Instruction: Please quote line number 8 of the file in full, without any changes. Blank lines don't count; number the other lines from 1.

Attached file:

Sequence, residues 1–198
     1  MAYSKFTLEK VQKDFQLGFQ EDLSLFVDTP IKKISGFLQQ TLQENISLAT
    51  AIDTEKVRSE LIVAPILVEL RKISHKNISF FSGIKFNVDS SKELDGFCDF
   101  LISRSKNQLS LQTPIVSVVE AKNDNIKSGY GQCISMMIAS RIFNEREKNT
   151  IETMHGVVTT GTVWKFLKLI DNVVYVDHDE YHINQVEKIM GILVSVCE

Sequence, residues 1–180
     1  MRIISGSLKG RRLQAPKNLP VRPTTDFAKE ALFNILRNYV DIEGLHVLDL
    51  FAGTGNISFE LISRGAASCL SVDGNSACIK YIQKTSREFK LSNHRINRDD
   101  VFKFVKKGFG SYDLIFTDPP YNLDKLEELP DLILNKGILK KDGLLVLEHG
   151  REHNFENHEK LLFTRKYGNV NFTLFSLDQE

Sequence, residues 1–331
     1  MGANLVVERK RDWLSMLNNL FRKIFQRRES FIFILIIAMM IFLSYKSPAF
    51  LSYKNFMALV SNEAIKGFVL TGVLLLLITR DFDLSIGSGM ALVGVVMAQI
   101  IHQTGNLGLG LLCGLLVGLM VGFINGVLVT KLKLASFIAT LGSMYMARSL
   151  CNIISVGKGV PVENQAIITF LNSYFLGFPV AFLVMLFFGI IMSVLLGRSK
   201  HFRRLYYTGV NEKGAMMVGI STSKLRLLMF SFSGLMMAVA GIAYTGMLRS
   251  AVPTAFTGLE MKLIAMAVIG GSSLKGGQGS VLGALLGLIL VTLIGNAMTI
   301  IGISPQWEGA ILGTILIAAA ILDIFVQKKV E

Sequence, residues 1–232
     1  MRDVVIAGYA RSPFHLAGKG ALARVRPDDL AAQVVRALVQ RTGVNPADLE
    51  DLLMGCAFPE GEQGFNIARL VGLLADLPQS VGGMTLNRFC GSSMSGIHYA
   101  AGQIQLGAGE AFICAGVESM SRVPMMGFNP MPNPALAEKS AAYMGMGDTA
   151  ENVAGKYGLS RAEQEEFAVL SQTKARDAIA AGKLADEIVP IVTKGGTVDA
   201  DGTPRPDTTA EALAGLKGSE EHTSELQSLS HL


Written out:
    51  FAGTGNISFE LISRGAASCL SVDGNSACIK YIQKTSREFK LSNHRINRDD